Putin expects Chinese President Xi to visit soon, Xi keeps his line on UkraineThank you for reading this post, don't forget to subscribe!
- Putin’s remarks highlight a turn from the West to China
- Both share a distrust of West
- Xi’s reserved remarks contrasted with Putin’s upbeat tone
- There is no sign from Xi of supporting the Russian invasion of Ukraine
- The US is “concerned” about China’s alliance with Russia
Dec 30 (Reuters) – Russian President Vladimir Putin said on Friday he expected Chinese President Xi Jinping to make a state visit early next year in a public show of solidarity from Beijing as Russia’s invasion of Ukraine continues. fails.
But an official Chinese testimony in a video summit between the two leaders highlighted the differences in approach to their developing alliance without mentioning a visit and stressed that Beijing, which has refused to support or condemn the invasion, would maintain its “objective and fair” position.
Since sending troops into Ukraine in February, Russia has turned its back on Western powers that rejected it economically and politically and armed Ukraine, courting instead the rising global power of longtime rival China.
“We are waiting for you, dear Mr. Chairman, dear friend, we are waiting for you next spring on a state visit to Moscow,” Putin told Xi in an extreme eight-minute opening statement broadcast on state television.
“This will demonstrate to the whole world the strength of Russian-Chinese ties on key issues.
He also said he aimed to boost military cooperation with China – although this was not mentioned in China’s state broadcaster CCTV’s report on the conversation.
Although Xi called Putin his “dear friend,” his opening statement, about a quarter the length of Putin’s, was much more pragmatic in tone.
The two men signed “no holds barred” strategic partnership in February, informed by a shared mistrust of the West, days before Russia sent its armed forces into Ukraine in what it called a “special military operation.”
The United States said after the call that it was “disturbed” from China’s alignment with Russia and reiterated that he had warned Beijing of the consequences if it provided Russia with military aid for its war against Ukraine or help to evade Western sanctions.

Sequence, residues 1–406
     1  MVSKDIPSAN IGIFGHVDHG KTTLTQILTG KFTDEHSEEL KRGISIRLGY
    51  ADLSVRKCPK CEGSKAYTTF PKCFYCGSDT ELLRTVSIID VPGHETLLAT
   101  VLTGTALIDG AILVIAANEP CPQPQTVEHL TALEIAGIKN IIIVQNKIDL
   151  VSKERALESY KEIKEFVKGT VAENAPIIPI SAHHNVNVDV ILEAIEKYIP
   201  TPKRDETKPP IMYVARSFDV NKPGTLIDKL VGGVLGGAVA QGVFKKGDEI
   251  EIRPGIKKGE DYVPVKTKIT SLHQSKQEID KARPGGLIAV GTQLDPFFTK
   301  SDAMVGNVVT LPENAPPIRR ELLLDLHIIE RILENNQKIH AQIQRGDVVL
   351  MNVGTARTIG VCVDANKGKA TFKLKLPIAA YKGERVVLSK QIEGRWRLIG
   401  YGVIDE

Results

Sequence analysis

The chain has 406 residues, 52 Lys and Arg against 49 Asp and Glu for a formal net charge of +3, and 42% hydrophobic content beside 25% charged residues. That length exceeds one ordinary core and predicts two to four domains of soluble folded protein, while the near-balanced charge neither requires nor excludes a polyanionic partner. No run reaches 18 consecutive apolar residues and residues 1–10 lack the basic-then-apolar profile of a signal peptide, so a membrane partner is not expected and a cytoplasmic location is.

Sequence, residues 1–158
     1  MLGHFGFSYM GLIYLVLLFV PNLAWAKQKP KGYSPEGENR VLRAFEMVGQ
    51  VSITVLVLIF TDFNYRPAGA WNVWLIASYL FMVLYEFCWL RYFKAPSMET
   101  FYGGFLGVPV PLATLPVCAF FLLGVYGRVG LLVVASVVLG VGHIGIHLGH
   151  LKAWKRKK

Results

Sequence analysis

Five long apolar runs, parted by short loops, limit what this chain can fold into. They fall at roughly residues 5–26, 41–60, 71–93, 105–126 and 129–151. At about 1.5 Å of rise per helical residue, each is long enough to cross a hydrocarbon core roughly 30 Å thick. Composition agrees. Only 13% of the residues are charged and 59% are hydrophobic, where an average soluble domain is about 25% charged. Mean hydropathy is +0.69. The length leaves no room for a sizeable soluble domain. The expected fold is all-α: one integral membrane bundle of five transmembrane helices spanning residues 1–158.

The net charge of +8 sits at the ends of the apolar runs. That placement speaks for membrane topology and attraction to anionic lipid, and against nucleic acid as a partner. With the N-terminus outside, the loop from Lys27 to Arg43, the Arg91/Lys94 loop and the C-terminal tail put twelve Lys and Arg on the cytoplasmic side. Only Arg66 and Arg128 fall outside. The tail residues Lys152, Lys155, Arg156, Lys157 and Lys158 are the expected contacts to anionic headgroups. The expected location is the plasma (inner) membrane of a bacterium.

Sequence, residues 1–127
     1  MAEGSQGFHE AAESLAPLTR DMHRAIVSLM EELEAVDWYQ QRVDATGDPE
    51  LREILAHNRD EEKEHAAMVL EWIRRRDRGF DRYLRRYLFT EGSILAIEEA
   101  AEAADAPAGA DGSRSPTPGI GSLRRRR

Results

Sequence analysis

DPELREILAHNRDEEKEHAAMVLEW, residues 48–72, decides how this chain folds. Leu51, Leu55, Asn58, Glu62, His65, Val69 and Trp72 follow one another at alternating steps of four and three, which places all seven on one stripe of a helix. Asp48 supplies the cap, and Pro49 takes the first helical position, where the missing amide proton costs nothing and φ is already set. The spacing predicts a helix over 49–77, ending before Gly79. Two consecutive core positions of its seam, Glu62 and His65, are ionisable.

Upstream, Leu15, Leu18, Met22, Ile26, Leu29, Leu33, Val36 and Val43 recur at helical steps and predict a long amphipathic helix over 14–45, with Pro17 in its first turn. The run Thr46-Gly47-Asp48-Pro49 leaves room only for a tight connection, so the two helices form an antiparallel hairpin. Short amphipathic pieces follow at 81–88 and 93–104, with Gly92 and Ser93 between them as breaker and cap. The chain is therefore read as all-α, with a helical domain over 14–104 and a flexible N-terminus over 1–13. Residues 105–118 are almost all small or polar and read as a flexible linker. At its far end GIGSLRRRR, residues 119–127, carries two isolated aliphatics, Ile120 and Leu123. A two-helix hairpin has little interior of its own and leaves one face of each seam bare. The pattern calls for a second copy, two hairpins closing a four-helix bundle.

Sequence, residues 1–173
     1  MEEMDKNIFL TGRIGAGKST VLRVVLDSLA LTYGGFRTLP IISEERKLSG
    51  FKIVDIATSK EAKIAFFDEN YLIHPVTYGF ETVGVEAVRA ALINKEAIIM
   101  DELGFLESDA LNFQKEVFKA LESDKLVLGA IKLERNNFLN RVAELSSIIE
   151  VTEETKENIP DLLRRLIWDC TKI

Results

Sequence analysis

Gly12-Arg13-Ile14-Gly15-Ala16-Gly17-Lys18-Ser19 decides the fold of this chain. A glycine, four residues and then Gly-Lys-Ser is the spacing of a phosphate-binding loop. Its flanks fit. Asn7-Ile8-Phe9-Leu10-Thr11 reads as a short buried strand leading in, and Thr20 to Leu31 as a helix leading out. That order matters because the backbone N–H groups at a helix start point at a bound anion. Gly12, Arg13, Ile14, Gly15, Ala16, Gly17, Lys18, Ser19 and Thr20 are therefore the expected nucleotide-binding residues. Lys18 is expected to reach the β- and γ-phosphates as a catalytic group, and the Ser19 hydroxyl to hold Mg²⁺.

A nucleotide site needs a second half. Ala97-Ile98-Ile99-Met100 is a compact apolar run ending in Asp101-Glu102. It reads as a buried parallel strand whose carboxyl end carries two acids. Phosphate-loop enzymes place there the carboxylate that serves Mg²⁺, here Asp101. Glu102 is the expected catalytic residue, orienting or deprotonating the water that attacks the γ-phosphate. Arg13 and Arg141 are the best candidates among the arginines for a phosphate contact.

“We are closely monitoring Beijing’s activities,” a State Department spokesman said. “Beijing claims to be neutral, but its behavior makes it clear that it is still invested in close ties with Russia.
US officials have consistently said they have yet to see Beijing provide material support to Russia for the war, a move that could provoke sanctions against China.
COMMERCE IS EXPLODING
As major Western economies responded to the invasion with an unprecedented, coordinated volley of sanctions, Russia was forced to seek other markets and overtook Saudi Arabia as China’s largest supplier of crude oil. Bilateral trade has jumped and financial ties are expanded.
On Friday, the Ministry of Finance of Russia doubled the maximum possible share of Chinese yuan in its National Wealth Fund (NWF) to 60% as Moscow tries to “de-dollarize” its economy and end dependence on “unfriendly” nations, including the United States, members of the European Union and Britain and Japan.
Moscow has also publicly backed Xi’s stance on Taiwan and accused the West of trying to provoke a conflict over the status of the self-governing island, which China claims as its own.
Putin told Xi: “You and I share the same views on the causes, course and logic of the ongoing transformation of the global geopolitical landscape, facing unprecedented pressure and provocations from the West.”
However, Xi has been less vocal in his criticism of Western countries, which are China’s key export market, and has appeared cool about Russia’s invasion of Ukraine.
China refrained from condemnation, instead stressing the need for peace, but Putin publicly acknowledged in September that his Chinese counterpart had “concern” about Russia’s actions.
However, Xi told Putin on Friday that China was ready to increase strategic cooperation with Russia amid what he called a “difficult” situation in the world as a whole.
Kremlin spokesman Dmitry Peskov said the meeting was meaningful and constructive, but no date has yet been set for Xi’s visit.
Reuters report; Additional reporting by Eduardo Baptista in Shanghai and Michael Martina in Washington; Written by Kevin Liffey; Editing by Andrew Havens, Tomasz Janowski and Nick McPhee
Our standards: Thomson Reuters Trust Principles.
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